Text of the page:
Moreover, a number of genes involved in the citrate cycle (TCA cycle) and glutamate metabolism were found to be affected in strain SR12 (Table 18 and Table 19). The two genes, glnG encoding the response regulator (NtrC, synonymous name GlnG) and glnL encoding the sensor kinase (NtrB, synonymous name GlnL) were down-regulated. NtrB functions as a membrane-associated protein kinase that phosphorylates NtrC in response to nitrogen- and carbon-limitation. This reflects adaptation to urine, which is a nitrogen-rich environment. This two component system regulates the expression of the glnALG and glnHPQ operons, which indeed were down-regulated according to the array results. In addition to that, purine degradation turned out to be down-regulated. Interestingly, D-serine uptake and deamination pathway to pyruvate were significantly up-regulated in re-isolate SR12 relative to parent strain 83972.
Transcriptome changes of in vivo re-isolates KA25 and CK12 relative to parent strain 83972 The hierarchical cluster analysis grouped most of the down-regulated genes together (subclusters 3-6; Fig. 36). Interestingly, major fractions of the genes with the same expression pattern were strain-specific. After functional classification, it turned out that most of the genes
encode for hypothetical, unclassified and unknown proteins. The second largest group of genes comprises those related to mobile elements like phages, transposons and plasmids (Table 21 and Table 23). The significance of this result might be questionable, since many of the de-regulated genes don’t represent complete transcriptional units. Nevertheless, each reisolate represents a unique gene expression pattern that is due to distinct environmental niches that bacteria have been growing in.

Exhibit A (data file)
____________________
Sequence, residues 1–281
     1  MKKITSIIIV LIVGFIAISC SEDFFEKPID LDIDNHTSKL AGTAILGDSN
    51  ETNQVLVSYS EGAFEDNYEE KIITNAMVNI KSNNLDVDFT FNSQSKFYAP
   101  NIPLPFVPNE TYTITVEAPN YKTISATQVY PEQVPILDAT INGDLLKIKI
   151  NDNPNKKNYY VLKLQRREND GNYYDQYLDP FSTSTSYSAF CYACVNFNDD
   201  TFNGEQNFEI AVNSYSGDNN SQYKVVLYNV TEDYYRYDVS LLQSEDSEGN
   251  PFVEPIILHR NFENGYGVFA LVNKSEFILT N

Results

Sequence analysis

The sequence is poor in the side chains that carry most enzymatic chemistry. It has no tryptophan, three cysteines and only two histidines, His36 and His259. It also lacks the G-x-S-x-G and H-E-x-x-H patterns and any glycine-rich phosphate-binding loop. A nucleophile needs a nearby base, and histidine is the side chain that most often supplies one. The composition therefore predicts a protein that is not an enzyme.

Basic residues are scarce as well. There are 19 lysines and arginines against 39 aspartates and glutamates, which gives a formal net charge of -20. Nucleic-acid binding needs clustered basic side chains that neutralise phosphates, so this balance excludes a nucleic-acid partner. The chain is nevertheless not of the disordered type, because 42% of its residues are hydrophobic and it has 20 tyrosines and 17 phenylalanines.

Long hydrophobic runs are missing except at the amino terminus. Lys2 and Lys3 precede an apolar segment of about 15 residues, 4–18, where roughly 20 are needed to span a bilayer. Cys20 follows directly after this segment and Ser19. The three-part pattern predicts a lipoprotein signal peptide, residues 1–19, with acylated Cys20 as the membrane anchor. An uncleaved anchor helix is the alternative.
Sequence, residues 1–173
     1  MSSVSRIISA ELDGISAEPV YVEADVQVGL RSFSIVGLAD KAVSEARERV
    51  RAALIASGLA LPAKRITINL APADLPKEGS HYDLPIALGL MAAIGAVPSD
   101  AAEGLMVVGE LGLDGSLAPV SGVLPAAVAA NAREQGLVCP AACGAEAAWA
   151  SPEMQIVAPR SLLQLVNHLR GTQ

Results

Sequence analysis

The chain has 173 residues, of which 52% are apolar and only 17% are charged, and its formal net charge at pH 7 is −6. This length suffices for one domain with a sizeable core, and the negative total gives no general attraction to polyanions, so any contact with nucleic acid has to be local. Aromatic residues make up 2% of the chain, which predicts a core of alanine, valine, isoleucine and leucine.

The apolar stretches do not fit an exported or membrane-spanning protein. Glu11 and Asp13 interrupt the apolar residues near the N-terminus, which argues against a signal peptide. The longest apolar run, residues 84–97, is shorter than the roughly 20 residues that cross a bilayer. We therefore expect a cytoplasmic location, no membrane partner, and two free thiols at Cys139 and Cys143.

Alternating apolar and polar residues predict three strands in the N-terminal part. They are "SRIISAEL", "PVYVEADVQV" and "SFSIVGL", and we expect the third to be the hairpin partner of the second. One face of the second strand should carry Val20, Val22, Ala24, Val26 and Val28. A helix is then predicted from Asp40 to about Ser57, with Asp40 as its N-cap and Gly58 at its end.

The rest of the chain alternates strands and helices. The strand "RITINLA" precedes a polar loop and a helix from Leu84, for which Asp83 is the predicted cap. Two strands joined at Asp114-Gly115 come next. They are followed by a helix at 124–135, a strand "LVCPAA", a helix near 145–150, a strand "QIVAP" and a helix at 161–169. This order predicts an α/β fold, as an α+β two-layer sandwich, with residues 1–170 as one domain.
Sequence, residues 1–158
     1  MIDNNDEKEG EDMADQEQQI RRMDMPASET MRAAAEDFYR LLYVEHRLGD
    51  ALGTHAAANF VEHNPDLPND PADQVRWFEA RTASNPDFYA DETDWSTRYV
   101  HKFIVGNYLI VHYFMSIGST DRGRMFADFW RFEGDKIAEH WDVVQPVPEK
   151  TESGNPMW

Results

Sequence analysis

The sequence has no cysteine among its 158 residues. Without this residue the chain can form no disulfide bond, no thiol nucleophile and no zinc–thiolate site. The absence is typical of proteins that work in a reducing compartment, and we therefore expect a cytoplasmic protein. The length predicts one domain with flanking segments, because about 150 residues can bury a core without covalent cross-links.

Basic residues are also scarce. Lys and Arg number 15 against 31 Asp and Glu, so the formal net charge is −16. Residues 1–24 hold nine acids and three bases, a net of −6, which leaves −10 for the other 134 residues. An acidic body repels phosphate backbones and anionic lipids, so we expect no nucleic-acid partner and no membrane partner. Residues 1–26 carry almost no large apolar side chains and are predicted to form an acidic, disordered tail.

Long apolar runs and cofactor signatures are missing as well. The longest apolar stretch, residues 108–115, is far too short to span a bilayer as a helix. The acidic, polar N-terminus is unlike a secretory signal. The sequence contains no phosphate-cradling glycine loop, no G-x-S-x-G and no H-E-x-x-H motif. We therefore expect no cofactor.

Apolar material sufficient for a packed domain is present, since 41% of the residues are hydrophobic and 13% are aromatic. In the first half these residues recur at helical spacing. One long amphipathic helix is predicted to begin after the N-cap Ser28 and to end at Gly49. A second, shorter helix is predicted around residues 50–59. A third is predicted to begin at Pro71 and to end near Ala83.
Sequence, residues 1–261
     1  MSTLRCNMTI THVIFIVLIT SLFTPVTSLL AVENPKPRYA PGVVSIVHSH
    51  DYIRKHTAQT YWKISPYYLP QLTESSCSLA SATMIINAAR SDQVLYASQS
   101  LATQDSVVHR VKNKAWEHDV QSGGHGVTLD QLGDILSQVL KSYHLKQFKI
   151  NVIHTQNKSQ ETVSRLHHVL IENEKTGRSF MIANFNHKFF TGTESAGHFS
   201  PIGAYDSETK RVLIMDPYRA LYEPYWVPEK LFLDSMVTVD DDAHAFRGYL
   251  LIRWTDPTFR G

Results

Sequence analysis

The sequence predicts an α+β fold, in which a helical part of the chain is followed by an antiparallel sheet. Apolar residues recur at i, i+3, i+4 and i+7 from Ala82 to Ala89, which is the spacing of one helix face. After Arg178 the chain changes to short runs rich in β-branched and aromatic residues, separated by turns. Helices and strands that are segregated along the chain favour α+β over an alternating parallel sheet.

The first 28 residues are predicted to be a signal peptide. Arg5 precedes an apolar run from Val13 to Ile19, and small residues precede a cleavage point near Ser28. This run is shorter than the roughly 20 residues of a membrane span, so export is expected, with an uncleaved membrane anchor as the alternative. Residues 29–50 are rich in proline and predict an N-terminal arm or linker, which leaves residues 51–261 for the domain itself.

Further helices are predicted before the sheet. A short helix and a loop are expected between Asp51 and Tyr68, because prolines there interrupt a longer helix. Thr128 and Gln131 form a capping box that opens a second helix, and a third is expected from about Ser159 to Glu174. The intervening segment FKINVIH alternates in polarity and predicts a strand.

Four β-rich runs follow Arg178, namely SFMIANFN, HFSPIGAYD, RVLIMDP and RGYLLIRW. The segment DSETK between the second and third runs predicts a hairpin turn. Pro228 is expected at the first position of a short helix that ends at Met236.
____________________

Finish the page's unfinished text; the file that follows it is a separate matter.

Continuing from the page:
5.4.3. Common adaptive patterns in re-isolates
To identify general adaptation strategies to prolonged bacterial growth in urine, hierarchical cluster analysis was performed to group genes of at least two re-isolates that are commonly de-regulated. Altogether, 35 genes turned out to be similarly expressed in more than one reisolate relative to strain 83972 (Fig. 38).
Four clusters of genes were formed according to similar changes of their expression pattern among at least two re-isolates. The clusters one and two represent genes which are similarly expressed in re-isolates CK12 and KA25. The last two clusters comprise commonly regulated genes of re-isolates SR12 and KA25.
The first cluster comprises nine genes that are less expressed in re-isolates CK12 and KA25 relative to the parent strain 83972. Except for the gene glpC, the remaining eight genes code for hypothetical proteins with predicted function. The meaning of this result is unclear as these nine genes represent single genes of polycistronic operons. Subcluster 2 consists of eight genes whose expression was similarly affected in strains CK12 and SR12. As already shown by phenotypic tests (Fig. 26), the in vivo re-isolates differed in their ability to express flagella. Although strain CK12 was as motile as the parent strain 83972, microarray data indicated that the expression of two genes, flgB and tar, which are involved in motility and chemotaxis, was down-regulated. In contrast, in strain SR12 these genes were up-regulated.
This is consistent with the corresponding phenotype (section 5.3.5.).